|Facts & Figures|
Status: Part of United Kingdom
First Minister: (suspended Oct.
Land area: 5,452 sq mi (14,121 sq km)
Population (1998 est.): 1,688,600
Capital and largest city (2003 est.):
Belfast, 484,800 (metro. area), 246,200 (city proper)
Monetary unit: British pound sterling
Presbyterian, Church of Ireland, Roman
Major sources and definitions
More Facts & Figures
Northern Ireland is composed of 26 districts, derived from the boroughs
of Belfast and Londonderry and the counties of Antrim, Armagh, Down,
Fermanagh, Londonderry, and Tyrone. Together they are commonly called
Ulster, though the territory does not include the entire ancient province
of Ulster. It is slightly larger than Connecticut.
Northern Ireland was an integral part of the United Kingdom, but under
the terms of the Government of Ireland Act in 1920, it had a
semiautonomous government. In 1972, however, after three years of
sectarian violence between Protestants and Catholics that resulted in more
than 400 dead and thousands injured, Britain suspended the Ulster
parliament. The Ulster counties were governed directly from London after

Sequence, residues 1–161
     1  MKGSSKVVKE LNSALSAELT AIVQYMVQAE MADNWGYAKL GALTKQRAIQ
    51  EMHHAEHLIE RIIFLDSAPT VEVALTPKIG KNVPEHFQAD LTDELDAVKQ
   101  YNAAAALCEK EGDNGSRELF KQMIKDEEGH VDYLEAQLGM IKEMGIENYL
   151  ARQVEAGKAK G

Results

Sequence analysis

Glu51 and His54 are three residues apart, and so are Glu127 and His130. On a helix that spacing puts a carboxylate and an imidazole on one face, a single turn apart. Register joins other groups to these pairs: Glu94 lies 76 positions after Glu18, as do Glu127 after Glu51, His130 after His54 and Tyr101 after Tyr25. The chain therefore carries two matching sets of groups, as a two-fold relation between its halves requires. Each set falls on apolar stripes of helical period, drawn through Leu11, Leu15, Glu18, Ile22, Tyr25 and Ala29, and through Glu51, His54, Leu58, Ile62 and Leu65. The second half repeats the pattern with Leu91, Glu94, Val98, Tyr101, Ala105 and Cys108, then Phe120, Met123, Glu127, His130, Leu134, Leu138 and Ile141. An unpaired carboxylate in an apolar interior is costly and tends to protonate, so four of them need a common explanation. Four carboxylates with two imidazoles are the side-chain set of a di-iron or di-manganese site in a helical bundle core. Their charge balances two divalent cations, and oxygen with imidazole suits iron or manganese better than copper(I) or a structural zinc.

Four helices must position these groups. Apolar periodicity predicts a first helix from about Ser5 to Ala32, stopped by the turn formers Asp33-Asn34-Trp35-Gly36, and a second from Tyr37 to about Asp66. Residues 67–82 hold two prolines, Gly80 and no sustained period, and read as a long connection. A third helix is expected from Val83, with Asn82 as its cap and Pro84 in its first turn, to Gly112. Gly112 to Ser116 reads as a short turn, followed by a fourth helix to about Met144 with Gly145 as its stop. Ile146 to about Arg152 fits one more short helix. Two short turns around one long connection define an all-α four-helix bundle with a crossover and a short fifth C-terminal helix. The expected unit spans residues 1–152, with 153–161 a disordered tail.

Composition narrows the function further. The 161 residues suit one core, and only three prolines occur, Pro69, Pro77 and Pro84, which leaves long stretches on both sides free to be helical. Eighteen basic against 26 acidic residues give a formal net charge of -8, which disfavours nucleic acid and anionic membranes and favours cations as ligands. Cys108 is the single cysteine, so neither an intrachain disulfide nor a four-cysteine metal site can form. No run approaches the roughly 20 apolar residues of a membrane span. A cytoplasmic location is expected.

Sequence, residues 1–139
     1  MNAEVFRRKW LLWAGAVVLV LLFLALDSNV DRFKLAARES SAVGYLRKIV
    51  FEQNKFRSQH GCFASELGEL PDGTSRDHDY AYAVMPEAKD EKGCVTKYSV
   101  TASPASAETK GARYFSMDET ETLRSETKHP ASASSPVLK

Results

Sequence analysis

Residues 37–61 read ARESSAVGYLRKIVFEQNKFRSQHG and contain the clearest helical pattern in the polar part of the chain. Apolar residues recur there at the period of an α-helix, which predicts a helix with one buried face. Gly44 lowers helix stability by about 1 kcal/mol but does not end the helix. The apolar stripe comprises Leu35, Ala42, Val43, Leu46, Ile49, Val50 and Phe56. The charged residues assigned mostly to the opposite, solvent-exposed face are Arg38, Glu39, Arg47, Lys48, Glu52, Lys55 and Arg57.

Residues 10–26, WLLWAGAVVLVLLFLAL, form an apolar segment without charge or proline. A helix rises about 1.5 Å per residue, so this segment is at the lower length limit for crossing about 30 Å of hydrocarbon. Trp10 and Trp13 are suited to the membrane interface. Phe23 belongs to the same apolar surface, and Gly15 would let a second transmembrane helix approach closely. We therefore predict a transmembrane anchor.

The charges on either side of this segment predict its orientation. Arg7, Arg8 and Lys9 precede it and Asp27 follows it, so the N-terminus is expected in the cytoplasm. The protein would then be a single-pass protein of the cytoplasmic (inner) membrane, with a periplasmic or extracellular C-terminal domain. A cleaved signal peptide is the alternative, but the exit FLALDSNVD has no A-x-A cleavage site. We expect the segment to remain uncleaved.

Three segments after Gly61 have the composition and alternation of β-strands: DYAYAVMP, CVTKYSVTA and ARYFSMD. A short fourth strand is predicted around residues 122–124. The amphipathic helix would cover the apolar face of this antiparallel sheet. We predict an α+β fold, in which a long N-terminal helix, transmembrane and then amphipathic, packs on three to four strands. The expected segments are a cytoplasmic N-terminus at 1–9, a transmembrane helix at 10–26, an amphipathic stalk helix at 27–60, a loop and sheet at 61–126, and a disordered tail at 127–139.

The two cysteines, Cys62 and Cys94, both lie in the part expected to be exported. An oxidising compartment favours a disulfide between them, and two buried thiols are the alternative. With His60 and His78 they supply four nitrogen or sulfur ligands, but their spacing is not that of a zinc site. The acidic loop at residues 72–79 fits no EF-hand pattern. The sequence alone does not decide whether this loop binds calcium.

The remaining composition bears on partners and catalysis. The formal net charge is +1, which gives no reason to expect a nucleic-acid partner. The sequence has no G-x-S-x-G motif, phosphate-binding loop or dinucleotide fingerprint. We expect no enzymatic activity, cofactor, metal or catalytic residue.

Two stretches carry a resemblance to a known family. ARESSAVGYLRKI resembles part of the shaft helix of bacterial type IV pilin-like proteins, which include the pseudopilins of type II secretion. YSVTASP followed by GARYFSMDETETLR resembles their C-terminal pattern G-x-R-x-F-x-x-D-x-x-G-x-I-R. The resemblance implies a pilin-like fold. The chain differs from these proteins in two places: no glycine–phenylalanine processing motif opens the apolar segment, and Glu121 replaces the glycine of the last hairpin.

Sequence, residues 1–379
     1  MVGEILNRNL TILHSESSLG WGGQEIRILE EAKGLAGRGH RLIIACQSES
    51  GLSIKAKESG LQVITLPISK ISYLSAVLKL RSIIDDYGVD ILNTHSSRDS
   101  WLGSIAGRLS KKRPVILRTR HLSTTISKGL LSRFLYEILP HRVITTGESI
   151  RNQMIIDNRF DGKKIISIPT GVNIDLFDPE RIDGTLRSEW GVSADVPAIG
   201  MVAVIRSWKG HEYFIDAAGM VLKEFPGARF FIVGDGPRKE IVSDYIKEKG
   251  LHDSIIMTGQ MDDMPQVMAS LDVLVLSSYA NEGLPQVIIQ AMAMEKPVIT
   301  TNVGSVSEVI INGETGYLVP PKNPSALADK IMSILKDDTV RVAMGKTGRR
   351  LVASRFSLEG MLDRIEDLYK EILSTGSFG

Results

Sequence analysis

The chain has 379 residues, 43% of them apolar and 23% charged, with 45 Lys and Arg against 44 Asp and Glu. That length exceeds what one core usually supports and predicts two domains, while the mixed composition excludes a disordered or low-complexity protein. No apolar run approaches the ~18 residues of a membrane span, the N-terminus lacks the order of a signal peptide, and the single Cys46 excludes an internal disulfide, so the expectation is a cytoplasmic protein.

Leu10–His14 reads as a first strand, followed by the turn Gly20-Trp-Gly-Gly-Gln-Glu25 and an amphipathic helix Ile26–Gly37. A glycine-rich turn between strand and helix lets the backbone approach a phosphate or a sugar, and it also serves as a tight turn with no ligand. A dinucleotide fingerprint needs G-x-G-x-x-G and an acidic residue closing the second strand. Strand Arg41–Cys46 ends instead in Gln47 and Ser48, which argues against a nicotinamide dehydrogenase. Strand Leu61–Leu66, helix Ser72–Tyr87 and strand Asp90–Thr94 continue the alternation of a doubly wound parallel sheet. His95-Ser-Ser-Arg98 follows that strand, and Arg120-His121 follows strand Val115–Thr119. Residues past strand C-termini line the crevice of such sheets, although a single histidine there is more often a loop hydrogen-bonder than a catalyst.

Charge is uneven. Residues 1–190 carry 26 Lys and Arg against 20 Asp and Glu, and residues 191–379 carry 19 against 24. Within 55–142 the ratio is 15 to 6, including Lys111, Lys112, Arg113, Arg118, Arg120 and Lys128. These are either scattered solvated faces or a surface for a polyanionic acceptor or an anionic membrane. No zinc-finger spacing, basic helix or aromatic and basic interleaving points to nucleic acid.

an attempt to return certain powers to an elected assembly in Belfast.
As a result of the Good Friday Agreement of 1998, a new coalition
government was formed on Dec. 2, 1999, with the British government
formally transferring governing power to the Northern Irish parliament.
David Trimble, Protestant leader of the Ulster Unionist Party (UUP) and
winner of the 1998 Nobel Peace Prize, became first minister. The
government has been suspended four times since then; it has remained
suspended since Oct. 14, 2002.
Ulster was part of Catholic Ireland until the reign of Elizabeth I
(1558–1603) when, after suppressing three Irish rebellions, the
Crown confiscated lands in Ireland and settled the Scots Presbyterians in
Ulster. Another rebellion in 1641–1651, brutally crushed by Oliver
Cromwell, resulted in the settlement of Anglican Englishmen in Ulster.
Subsequent political policy favoring Protestants and disadvantaging
Catholics encouraged further Protestant settlement in Northern
Northern Ireland did not separate from the South until William
Gladstone presented, in 1886, his proposal for home rule in Ireland. The
Protestants in the North feared domination by the Catholic majority.
Industry, moreover, was concentrated in the North and dependent on the
British market. When World War I began, civil war threatened between the
regions. Northern Ireland, however, did not become a political entity
until the six counties accepted the Home Rule Bill of 1920. This set up a
semiautonomous parliament in Belfast and a Crown-appointed governor
advised by a cabinet of the prime minister and 8 ministers, as well as a
12-member representation in the House of Commons in London.